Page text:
I loved his Bostonian accent.
Amidst a crowd of tall people, I was just 9 years old on May 17, 1968 when I listened to Robert F. Kennedy speak at the school where my father taught algebra. Kennedy had taken time out of a tireless campaign schedule to be part of a Model Democratic Convention at Sunset High School.
Three weeks later, Juan Romero, a 17-year-old busboy at the Ambassador Hotel in Los Angeles, shook Kennedy's hand just as .22 Long Rifle bullets started pulsing through his body. Moments later, as Kennedy lay suffering on the ground, Romero knelt beside him, offered him a rosary, and placed a jacket under his head. Kennedy then spoke in that beautiful Boston accent, "Everything is going to be okay."
Time & Life Pictures
Romero later recalled, "He made me feel like a human being. He didn't look at my color, he didn't look at my position... and like I tell everybody, he shook my hand. I didn't ask him."
1968 was a rugged year. Only months earlier, Dr. Martin Luther King, Jr. was assassinated on a balcony of the Lorraine Motel in Memphis.
Dr. King has been criticized in recent years for his non-violent, love-based ethic in addressing injustice, but I still hold his ethic in high regard even as I grieve the violence of a world that takes the life another because of racial, ethnic, or ideological differences.
We recall the lives of these men in shorthand, using initials MLK and RFK, more a sign of respect than diminution. They gave their lives to public service, both falling to violence even as they spoke of a more loving world.
Simplistic? Maybe. Or maybe not.
On the day of Dr. King's death and 43 days before his own, RFK spoke poignant words in Indianapolis:
What we need in the United States is not division; what we need in the United States is not hatred; what we need in the United States is not violence or lawlessness; but love and wisdom, and compassion toward one another, and a feeling of justice toward those who still suffer within our country, whether they be white or they be black.
Notice how Kennedy juxtaposed love, wisdom, compassion, and justice even as he contrasted these virtues with hatred and division. Today, almost 56 years later, it seems we have flipped this around again, justifying our division and hatred under the false name of justice.
If I can stand up to you, call you out, cancel you, hold you publicly accountable for something I believe you have done (whether or not you actually have), then I display a hubris easily mistaken for heroic courage which I can then rationalize in the name of justice. When this happens, love, wisdom, and compassion have once again given way to division and hatred.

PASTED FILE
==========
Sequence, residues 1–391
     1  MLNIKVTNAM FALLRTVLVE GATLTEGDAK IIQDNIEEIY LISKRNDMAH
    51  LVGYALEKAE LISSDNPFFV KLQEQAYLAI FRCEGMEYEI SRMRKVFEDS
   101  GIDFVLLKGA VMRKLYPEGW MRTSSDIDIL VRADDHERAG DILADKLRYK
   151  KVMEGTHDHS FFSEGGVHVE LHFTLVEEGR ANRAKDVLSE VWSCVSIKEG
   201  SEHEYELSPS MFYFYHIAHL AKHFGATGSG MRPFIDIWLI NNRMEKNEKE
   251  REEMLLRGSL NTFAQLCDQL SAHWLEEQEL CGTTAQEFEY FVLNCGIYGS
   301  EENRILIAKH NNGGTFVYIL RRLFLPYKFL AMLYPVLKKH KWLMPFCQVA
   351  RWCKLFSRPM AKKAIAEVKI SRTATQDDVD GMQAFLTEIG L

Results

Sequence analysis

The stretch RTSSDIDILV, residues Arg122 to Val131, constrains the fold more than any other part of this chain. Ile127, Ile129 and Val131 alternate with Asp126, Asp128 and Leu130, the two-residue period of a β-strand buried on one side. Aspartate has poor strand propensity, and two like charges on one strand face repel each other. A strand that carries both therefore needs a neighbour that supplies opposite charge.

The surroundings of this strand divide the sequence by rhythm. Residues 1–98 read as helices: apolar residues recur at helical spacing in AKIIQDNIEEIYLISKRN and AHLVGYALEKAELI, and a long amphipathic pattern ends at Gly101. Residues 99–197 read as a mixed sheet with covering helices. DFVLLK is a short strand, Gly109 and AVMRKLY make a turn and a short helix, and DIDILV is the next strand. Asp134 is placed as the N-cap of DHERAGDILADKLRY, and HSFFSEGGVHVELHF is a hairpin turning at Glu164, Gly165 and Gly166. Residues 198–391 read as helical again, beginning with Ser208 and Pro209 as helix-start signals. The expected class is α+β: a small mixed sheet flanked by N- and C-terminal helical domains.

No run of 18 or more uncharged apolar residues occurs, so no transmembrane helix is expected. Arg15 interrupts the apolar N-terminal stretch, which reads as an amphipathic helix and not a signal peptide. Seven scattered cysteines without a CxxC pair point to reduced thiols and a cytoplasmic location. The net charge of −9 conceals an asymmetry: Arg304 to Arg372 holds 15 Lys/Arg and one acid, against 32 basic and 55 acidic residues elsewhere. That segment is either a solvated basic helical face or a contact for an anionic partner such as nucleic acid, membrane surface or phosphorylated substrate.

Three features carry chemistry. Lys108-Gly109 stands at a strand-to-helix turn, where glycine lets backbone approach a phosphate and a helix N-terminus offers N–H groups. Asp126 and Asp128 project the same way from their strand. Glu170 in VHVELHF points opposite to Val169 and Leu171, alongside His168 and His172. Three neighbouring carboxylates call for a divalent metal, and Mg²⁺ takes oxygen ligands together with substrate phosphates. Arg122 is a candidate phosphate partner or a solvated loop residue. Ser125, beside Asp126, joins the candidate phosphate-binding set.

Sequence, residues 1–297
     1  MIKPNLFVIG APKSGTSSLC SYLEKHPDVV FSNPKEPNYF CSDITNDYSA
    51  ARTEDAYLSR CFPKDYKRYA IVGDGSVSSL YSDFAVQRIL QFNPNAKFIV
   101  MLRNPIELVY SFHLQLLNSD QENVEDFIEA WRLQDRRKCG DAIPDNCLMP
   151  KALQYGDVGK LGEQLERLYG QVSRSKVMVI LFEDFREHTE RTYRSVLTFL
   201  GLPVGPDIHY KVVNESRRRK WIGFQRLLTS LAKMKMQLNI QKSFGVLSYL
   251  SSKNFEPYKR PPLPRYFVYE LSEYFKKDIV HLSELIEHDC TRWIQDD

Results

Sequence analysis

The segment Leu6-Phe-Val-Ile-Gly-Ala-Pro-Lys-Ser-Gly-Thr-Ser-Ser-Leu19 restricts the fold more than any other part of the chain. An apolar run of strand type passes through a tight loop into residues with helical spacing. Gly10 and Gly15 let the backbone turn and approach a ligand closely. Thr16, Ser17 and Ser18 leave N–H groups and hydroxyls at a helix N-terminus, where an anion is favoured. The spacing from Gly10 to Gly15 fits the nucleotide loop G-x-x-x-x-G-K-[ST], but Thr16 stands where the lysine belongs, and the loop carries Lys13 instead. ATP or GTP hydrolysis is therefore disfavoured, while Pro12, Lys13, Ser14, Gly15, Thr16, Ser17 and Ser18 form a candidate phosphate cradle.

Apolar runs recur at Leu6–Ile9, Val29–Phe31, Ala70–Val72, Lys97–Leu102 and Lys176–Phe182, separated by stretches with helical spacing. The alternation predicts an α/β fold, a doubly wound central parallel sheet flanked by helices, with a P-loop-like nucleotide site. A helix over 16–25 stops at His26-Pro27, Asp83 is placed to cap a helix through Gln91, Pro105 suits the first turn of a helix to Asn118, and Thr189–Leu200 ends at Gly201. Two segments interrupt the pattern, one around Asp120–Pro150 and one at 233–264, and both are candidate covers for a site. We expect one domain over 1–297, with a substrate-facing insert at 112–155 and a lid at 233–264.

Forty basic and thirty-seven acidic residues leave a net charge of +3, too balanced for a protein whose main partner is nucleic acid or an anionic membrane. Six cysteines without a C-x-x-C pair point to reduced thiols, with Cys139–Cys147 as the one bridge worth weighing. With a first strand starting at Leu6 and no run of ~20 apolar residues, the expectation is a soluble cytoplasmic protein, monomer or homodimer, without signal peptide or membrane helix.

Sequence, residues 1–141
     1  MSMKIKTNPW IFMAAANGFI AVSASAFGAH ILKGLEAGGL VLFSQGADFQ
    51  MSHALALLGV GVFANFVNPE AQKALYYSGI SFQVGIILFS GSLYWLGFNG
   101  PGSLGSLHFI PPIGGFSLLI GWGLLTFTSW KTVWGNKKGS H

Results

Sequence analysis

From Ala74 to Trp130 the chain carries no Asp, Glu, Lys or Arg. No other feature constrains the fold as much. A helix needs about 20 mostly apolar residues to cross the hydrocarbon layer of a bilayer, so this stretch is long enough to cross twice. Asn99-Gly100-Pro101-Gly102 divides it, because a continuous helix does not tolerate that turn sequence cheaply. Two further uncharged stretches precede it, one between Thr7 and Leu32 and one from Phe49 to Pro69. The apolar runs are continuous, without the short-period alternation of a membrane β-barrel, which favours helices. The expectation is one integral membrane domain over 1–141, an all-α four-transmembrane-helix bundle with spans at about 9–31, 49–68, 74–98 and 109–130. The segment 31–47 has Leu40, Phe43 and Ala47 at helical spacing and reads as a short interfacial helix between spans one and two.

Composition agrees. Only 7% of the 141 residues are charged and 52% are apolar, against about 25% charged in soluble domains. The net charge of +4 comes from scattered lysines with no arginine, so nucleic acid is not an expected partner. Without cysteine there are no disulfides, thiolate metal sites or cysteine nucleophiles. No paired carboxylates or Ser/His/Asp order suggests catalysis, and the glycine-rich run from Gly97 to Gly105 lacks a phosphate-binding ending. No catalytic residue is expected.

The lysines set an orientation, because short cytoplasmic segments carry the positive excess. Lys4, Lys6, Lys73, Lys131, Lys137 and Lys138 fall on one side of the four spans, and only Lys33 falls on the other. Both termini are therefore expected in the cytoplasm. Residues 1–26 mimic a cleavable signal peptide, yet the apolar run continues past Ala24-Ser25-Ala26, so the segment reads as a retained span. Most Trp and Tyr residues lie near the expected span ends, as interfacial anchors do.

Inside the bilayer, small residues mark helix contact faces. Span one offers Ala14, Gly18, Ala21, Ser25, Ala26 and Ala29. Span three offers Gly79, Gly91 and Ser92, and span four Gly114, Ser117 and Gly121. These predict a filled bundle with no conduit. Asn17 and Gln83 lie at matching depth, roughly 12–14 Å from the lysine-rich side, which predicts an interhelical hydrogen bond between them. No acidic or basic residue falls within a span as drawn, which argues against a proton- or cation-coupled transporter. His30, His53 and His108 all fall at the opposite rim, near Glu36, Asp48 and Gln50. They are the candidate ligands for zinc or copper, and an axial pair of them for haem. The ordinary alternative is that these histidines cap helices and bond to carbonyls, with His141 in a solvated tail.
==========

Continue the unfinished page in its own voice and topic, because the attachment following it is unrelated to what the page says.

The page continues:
I’m finishing up a series of blog posts inspired by David Brooks’s article in The Atlantic: "How America Got Mean." The series includes ten challenges for how I want to live in these days of venom and vitriol, and the final challenge is the biggest of all: love.
When some religious leaders tried to trick Jesus by asking about the greatest commandment, he offered words to reverberate through all centuries:
You must love the Lord your God with all your heart, all your soul, and all your mind. This is the first and greatest commandment. A second is equally important: Love your neighbor as yourself.
The Beatles, MLK, Jesus, RFK, and most moral philosophers in human history all seem to agree on the cardinal role of love in our complicated world.
Seemingly, so does David Brooks. His new book, How to Know a Person, puts hands and feet on what it means to be loving. I find myself mentioning something I read in his book or learned in his Templeton Ideas podcast almost every day. 
Similarly, scientists studying love have come up with creative ways of teaching people how to be more loving, such as:
Imagining the value of more positive connections with people
Trying new ways to connect with others (e.g., smiles, laughing, acts of kindness)
Considering ways to show kindness to those outside one's close circle of friends
Those who grew in love (what the researchers call "positivity resonance") also grew in kindness. 
It's a vicious world today much as it was 56 years ago, though today we have both bullets and social media. Back then, Kennedy identified his favorite poet to be the Greek tragedian, Aeschylus, who wrote:
In our sleep, pain which cannot forget falls drop by drop upon the heart until, in our own despair, against our will, comes wisdom through the awful grace of God.
The awful grace of God calls us toward love when every impulse in our bones pushes the other direction, toward violence and hate and destruction.
If I could say anything to my 9-year-old self standing in that room with tall people, it might be to worry less about whether my family and I agreed with RFK's political persuasions and to ponder more his words about love.
From where I stand today, those words seem wise and good. Every now and then I even wonder if he might have been right that somehow, someday, "everything is going to be okay."
Previous posts in this series
Challenge #1: Vengelessness
Challenge #2: The Other Team Matters
Challenge #3: No, I am NOT Omniscient
Challenge #4: Hermeneutic Humility
Challenge #5: Minding Our Social Media Matters
Challenge #6: Meeting Our Inner Narcissist
Challenge #7: Good Grief
Challenge #8: Faith
Challenge #9: Hope
A hearty thank you to the reader who pointed me toward this podcast.
I've simplified the results somewhat. More details can be found in the linked article.
Much of the inspiration for this post came from a daily quotation I receive by email from Luminary Quotes. Today's was from RFK's Indianapolis speech.